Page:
Ofqual must be completely transparent about its standardisation model and publish the model immediately to allow time for scrutiny. In addition, Ofqual must publish an explanatory memorandum on decisions and assumptions made during the model’s development. This should include clearly setting out how it has ensured fairness for schools without 3 years of historic data, and for settings with small, variable cohorts.
This specifies two requirements: Ofqual must publish the details of statistical standardisation ‘immediately’, and also ensure fairness, a concept of many dimensions.
Fairness between one year and the next is supposedly addressed by the standardisation model, which fixes the national distribution of grades. But that kind of collective fairness not only denies the possibility of generational improvement, it may also still allow collective unfairness to particular groups, especially the disadvantaged and some minority ethnic groups. And it may involve massive individual unfairnesses as the model downgrades many students without consultation. In France, for example, the government policy in the exceptional circumstances of this year has been to avoid penalising students taking the French Baccalaureate, allowing some grade inflation rather than risking many students getting grades lower than they merit.
Fairness may also involve issues of bias or discrimination, and the report pays particular attention to the possibility that BAME students, those with special educational needs, and those on free school meals might be treated unfairly.
Since the algorithm has so far remained hidden, we cannot know how or whether any bias is embedded either in the algorithm or the way it uses historic data. It is also possible that there is bias within this year’s centre assessment grades, especially given the known bias in predicted grades for university entrance. This, however, is a distraction. The context for this year’s centre assessment grades is very different from university entrance, as has been made clear in Ofqual’s Guidance Notes; more importantly, centre assessment grades are surely irrelevant in that some can, and will, be over-ruled by statistical standardisation if an exam board so chooses. Indeed, we wonder why they were asked for in the first place – all the exam boards need is the student rank order.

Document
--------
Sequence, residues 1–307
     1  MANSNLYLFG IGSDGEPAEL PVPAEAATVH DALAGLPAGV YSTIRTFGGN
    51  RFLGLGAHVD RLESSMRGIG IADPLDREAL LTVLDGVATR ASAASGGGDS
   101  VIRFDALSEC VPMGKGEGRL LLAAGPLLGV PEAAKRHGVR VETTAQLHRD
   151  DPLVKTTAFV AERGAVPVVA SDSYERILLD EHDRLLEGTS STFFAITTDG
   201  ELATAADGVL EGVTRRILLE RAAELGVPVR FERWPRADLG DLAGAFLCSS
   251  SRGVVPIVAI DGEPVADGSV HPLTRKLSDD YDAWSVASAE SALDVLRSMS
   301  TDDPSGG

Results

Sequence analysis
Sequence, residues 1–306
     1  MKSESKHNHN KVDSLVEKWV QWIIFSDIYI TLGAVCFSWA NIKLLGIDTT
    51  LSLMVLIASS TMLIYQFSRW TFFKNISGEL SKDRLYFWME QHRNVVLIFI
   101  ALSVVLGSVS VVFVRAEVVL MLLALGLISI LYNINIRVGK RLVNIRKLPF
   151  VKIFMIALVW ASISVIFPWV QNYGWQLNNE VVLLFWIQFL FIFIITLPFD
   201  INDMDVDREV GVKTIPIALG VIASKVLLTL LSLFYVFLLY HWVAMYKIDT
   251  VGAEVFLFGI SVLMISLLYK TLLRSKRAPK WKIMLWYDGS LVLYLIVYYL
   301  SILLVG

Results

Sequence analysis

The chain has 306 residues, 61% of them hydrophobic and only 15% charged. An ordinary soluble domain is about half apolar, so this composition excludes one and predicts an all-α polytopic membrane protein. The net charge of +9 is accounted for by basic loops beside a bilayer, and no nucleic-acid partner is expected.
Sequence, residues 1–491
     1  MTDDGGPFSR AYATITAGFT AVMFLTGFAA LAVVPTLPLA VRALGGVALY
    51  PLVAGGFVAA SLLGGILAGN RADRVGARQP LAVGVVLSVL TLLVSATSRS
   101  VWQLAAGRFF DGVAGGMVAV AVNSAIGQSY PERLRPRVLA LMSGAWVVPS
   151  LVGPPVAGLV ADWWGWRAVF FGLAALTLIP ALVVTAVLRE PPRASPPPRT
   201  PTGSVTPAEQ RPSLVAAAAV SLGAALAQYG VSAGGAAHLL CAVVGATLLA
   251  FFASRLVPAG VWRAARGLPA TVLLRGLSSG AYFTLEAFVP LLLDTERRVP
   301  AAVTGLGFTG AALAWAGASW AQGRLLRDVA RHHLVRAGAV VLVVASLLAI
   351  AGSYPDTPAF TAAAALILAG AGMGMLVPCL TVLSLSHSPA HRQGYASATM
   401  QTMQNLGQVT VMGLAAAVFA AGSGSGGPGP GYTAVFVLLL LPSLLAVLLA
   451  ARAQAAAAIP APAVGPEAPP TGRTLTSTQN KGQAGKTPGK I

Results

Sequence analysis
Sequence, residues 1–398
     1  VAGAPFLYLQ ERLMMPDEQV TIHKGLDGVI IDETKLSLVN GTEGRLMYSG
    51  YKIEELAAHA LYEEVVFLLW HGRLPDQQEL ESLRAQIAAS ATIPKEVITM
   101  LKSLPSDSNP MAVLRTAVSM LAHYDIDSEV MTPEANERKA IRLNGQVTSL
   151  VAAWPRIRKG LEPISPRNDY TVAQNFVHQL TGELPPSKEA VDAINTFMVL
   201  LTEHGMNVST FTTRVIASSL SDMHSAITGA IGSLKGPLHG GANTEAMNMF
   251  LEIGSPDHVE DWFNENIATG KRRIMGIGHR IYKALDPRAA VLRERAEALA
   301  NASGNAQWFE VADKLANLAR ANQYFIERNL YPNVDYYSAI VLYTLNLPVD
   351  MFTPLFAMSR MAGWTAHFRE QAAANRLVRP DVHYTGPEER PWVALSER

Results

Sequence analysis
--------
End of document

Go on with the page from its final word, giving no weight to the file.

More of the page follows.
The rank orders – which the exam boards have committed not to change – are fundamental to this year’s process. If a teacher, deliberately or unconsciously, has been biased, the place to look is in the rank order, which is nothing to do with the boards or with Ofqual, but the school’s responsibility, alone. The quest for bias might therefore end up quite close to home, which might be uncomfortable, but is probably not surprising.
So what can be done by students who believe they have been treated unfairly?
One recourse is to the autumn exams, but this option is fraught with problems.
In the understandable rush to introduce a completely new system, after the Secretary of State’s announcement on 20 March, it probably seemed reasonable at first to invent a system in which dissatisfaction could be tackled by an opportunity to take an autumn examination. Over time this choice has unravelled. If initial results match the allowed national distribution and autumn exam candidates succeed in achieving higher grades, then grade inflation is bound to follow – unless other candidates are downgraded, which is unthinkable. Are autumn exam candidates being set up to fail? Or will the August results be scaled down to allow some headroom in the national distribution?